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Alice Desmond

Alice Desmond


Artist biography

Alice Desmond

Alice Desmond studies Digital Media at the Australian National University's School of Art.

With an ongoing passion for art and cinema, Alice's work explores the broad possibilities of moving image.

Working mostly with photographic imagery, she uses digital technologies to create an abstracted sense of reality that distorts space and time.

Artist statement

This work is inspired by the Little Red Riding Hood wall-hanging, a gift given to an Australian Aid worker who assisted in resettling thousands of refugees who were displaced during the Second World War.

I was struck by the idea of a person being 'displaced' – finding themselves in a strange or unintended location, separated from the people, places and life that they once knew. Even when relocated to a new home, starting a life in an unfamiliar environment can be an overwhelming experience and the feeling of being displaced does not easily subside. My work aims to convey the puzzling task of making sense of a new location, and the struggle to feel that one has found their place within a new environment.

In reference to the aesthetic of Olga Basylevich's appliqued wall-hanging, my work brings together a multitude of fragments, pieced together to create a larger image.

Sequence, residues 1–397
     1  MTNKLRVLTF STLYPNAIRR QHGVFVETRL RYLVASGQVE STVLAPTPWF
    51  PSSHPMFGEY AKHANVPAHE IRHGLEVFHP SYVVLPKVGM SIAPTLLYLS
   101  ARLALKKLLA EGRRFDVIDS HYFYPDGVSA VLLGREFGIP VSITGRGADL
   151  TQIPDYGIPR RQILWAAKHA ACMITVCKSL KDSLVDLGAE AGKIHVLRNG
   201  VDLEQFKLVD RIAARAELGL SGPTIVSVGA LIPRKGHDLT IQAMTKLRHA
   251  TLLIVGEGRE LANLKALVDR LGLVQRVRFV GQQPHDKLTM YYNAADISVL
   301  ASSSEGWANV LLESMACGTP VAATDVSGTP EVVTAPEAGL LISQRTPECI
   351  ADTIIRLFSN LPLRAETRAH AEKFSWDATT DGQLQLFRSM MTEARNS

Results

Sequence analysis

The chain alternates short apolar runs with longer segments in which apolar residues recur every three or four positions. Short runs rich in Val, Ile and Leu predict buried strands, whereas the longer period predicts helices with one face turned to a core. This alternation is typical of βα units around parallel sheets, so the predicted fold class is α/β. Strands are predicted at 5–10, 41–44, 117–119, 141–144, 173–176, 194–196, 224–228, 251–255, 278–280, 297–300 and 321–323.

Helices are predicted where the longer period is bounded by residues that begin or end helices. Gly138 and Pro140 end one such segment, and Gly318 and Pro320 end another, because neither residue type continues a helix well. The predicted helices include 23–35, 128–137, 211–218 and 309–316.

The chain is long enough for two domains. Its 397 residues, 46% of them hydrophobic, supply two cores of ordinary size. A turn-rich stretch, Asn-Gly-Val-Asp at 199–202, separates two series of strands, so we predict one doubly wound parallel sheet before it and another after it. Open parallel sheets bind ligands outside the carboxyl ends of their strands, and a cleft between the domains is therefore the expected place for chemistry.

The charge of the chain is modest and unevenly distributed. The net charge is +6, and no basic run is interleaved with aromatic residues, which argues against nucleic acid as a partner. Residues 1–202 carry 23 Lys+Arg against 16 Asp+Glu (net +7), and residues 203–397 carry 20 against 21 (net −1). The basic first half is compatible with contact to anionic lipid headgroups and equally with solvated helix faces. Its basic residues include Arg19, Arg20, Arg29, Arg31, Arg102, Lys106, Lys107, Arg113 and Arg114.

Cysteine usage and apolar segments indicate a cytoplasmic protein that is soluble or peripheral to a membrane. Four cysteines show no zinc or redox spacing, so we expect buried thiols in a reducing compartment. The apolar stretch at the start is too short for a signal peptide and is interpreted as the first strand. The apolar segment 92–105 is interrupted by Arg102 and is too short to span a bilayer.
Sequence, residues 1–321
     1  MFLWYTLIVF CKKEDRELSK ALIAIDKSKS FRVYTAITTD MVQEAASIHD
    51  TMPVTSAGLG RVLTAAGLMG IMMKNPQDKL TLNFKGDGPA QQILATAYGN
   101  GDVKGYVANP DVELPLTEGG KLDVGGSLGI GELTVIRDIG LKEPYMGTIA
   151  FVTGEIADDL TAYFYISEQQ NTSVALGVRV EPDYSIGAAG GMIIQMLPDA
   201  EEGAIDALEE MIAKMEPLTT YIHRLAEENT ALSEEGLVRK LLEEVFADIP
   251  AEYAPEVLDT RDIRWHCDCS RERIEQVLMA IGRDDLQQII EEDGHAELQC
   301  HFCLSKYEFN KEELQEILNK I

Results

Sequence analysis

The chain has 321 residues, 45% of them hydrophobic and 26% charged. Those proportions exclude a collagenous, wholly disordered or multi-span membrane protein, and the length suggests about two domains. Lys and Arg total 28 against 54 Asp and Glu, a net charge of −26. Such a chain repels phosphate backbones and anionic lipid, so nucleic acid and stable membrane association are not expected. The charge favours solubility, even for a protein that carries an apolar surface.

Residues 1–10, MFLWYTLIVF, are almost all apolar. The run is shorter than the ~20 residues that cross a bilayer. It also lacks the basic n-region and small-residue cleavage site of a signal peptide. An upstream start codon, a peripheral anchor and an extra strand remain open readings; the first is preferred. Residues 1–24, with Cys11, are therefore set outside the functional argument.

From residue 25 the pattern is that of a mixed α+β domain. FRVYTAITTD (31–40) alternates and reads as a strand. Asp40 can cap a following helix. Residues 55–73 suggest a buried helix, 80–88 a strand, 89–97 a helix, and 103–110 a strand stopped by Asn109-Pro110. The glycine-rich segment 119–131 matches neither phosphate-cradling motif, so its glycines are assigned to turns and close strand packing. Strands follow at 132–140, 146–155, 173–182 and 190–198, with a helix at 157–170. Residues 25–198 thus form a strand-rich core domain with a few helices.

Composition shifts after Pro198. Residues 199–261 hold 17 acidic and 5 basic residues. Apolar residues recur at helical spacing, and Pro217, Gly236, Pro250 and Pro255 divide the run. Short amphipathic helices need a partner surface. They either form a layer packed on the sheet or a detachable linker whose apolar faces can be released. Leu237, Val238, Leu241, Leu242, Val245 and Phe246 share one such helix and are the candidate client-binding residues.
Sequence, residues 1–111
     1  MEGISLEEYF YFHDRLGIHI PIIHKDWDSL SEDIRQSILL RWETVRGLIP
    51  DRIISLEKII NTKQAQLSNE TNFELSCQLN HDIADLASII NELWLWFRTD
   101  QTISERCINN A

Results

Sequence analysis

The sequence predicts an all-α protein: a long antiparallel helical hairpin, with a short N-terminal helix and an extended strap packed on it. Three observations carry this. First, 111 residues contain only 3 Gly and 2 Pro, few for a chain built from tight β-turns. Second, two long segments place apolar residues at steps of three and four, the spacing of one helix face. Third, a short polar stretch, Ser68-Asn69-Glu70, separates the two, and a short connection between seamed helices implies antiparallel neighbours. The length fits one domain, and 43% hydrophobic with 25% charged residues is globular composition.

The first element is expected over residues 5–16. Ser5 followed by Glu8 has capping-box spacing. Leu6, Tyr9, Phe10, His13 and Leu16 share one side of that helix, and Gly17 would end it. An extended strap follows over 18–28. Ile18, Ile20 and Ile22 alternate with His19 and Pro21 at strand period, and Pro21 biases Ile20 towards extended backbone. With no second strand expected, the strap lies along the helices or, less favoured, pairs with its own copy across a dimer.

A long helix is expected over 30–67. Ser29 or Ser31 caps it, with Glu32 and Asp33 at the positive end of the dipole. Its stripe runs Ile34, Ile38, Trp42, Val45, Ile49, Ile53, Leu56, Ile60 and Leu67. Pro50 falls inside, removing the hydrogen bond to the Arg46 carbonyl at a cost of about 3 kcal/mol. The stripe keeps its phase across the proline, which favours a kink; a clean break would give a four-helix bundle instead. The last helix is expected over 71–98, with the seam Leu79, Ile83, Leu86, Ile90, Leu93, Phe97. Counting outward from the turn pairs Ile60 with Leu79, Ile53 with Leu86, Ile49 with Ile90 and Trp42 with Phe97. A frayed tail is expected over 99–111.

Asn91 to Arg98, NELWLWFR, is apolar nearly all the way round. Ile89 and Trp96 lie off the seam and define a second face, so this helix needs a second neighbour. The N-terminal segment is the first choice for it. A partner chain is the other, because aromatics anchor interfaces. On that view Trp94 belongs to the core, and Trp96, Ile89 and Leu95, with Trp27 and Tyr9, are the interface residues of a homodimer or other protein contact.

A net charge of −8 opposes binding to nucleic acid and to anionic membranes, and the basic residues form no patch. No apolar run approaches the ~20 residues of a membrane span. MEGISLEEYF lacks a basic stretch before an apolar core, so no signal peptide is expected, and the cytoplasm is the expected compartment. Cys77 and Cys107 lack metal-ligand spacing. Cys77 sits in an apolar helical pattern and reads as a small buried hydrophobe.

Artist work

Title: Fragmented Landscape
Medium: Interactive
Date: October 2010

A screenshot from Alice Desmond's Fragmented Landscape.

Artist inspiration

The Little Red Riding Hood wall-hanging was created by Olga Basylevich, a refugee that was held in a displaced persons camp in Germany. Created on a United Nations blanket, Basylevich brought together a broad range of fabric, felt, paper and fur scraps and used a variety of needlepoint techniques to create the wall-hanging.

The wall-hanging was given as a gift to Valerie Paling, an Australian teacher who worked for the United Nations in displaced persons camps in Europe following World War II. Paling helped refugees to obtain practical skills while they were in the camps, and assisted in the resettlement of people who had become displaced during the war.

My work explores the idea of displacement and the idea of environmental alienation that comes with being 'resettled'. The combination of different fragments refers to the way the wall-hanging was created.

Wall hanging depicting Little Red Riding Hood walking through a forest. A wolf appears from behind a tree, with his red tongue hanging out the side of his mouth. A variety of fabrics including felt and fur have been sewn onto a grey blanket to form the scene, which also shows an owl, a bird, a squirrel and a rabbit. Some of the elements are padded using a technique called stumping, and they have a three-dimensional appearance.
The National Museum's Little Red Riding Hood wall-hanging. Photo: George Serras.

Read more about the Little Red Riding Hood wall-hanging

Curator Karen Schamberger detailed her research on the Little Red Riding Hood wall-hanging in a presentation at the National Museum on 30 May 2008.

audio_w15 Listen to 'Re-presenting Little Red Riding Hood'

An animation of the Grimm Brothers' 1812 version of the Little Red Riding Hood story, based on the wall-hanging, appears in the Australian Journeys gallery.

Video icon View the Little Red Riding Hood animation (MPEG4 18.3mb) duration 05:24